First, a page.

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Call for papers

Historical rupture: 1918 and modernism

Call for papers for the upcoming thematic issue Historical rupture: 1918 and modernism of the Journal for Modern and Contemporary Art and Architecture Život umjetnosti (103-2018). The issue is to be published in collaboration with Goethe-Institut Kroatien in December 2018.


Historical rupture: 1918 and modernism

The year 1918 brought the end of the Great War, as well as the beginning of a new era, as it marked the final end of “the long nineteenth century” and the beginning of the twentieth century history. Europe entered the new century with a new political map: the downfall of the old regimes, the dawning of new national states, and the spread of revolutionary ideas following the October Revolution were a logical completion of the processes instituted in the nineteenth century, however, it soon proved that the new order offered no guarantee for democracy and peace. The struggle for colonial dominance, the economic crisis, the strengthening of radical ideologies, ethnic, and class conflicts soon opened the way to various forms of repressive, authoritarian rule with limited civil rights and the suffering of minorities through discrimination and persecution. However, such an atmosphere offered the historical context to the broad social reception and the regional dissemination of modernism – the pre-war avant-garde breakthroughs were built into the foundations of the modernist paradigm, whose stylistic manifestations and social meanings developed a manifold complexity, including national and cosmopolitan, conservative and liberal, elite and democratic values.

Although the interpretation of modernism has considerably expanded over the last thirty years, in terms of the encompassed phenomena and the understanding of their socio-political context, the 1918 anniversary offers an opportunity to take yet another step further in the analysis of the modernist paradigm – its phenomenological heterogeneity and semantic contradictions, its stylistic hybrids and conceptual flexibility – while focusing on the end of World War I as the pivotal year for the beginning of the new era; its end might have been declared much too lightly, yet its legacy remains relevant to this day.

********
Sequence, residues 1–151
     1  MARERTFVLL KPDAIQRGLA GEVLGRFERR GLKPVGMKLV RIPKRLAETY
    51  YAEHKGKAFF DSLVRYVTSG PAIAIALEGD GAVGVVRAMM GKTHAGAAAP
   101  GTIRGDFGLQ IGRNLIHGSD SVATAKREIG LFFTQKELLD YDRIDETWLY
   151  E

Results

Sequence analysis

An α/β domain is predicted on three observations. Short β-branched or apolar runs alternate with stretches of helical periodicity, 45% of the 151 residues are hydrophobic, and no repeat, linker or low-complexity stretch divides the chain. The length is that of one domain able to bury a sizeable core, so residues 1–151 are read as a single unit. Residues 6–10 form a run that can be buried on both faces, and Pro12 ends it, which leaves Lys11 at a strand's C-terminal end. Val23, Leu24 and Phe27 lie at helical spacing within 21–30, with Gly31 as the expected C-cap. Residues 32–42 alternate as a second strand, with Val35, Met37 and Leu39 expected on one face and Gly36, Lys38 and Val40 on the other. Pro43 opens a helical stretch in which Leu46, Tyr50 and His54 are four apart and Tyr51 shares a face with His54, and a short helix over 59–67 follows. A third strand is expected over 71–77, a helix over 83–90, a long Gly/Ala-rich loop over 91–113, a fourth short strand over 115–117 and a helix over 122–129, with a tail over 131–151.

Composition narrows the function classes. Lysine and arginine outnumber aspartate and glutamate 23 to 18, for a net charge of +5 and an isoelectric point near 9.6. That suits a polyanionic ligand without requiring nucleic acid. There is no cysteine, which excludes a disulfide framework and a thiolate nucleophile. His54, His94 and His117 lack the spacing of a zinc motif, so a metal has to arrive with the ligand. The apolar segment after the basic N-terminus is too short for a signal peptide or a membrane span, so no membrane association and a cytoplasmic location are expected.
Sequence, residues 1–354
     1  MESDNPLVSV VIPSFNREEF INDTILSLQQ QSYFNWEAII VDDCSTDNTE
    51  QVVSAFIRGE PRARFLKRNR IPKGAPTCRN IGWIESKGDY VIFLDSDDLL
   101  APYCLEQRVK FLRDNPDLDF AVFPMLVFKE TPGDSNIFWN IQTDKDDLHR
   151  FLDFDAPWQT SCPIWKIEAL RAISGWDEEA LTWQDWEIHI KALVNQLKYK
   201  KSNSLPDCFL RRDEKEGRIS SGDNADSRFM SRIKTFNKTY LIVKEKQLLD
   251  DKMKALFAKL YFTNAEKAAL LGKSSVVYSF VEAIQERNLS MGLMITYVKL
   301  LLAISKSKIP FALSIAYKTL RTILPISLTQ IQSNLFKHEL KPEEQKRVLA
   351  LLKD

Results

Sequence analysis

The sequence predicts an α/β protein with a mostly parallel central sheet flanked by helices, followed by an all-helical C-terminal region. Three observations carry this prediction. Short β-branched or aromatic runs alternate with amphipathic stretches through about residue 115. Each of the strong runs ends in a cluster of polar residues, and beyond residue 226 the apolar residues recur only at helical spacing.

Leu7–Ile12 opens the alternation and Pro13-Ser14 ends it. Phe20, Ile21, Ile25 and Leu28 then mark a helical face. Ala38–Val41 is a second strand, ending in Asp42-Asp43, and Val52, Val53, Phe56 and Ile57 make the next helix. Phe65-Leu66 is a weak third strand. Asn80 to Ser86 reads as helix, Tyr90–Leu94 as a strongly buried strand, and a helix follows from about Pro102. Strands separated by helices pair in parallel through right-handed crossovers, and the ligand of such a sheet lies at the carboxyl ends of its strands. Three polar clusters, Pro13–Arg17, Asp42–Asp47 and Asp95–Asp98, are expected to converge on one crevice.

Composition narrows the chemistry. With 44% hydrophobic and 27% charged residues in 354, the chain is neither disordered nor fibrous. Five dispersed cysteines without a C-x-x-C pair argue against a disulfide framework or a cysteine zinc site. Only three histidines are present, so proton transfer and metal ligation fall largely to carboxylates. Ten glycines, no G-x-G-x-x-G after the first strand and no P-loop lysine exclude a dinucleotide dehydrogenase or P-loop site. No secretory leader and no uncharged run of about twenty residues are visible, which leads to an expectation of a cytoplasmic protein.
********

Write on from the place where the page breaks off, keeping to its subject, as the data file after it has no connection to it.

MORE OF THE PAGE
• modernism – the history of the term
  • modernism and nationalism
  • modernism exhibited
  • modernism and monuments – remembering the Great War
  • modernism and the crisis of democracy
  • modernism from the gender perspective
  • modernism and the representation of trauma

The thematic issue is a part of the project My Art is My Reality performed by Goethe-Institut Kroatien and held in cooperation with the Social Enterprise ProPuh, the French Institute, the Museum of Modern and Contemporary Art Rijeka and the European Capital of Culture Rijeka 2020 project, with the support of the European Commission, the Elysee Fund and the EUNIC Global Fund, Brussels. Within the volume 103/2018 of Život umjetnosti and as a part of the same project, the works of a war photographer and artist, Wolf Böwig will be presented.

The deadline for submission of full texts is 10 September 2018.

For more detailed Guidelines for Authors and more information about the journal please visit: https://zivotumjetnosti.ipu.hr/onama/#eng

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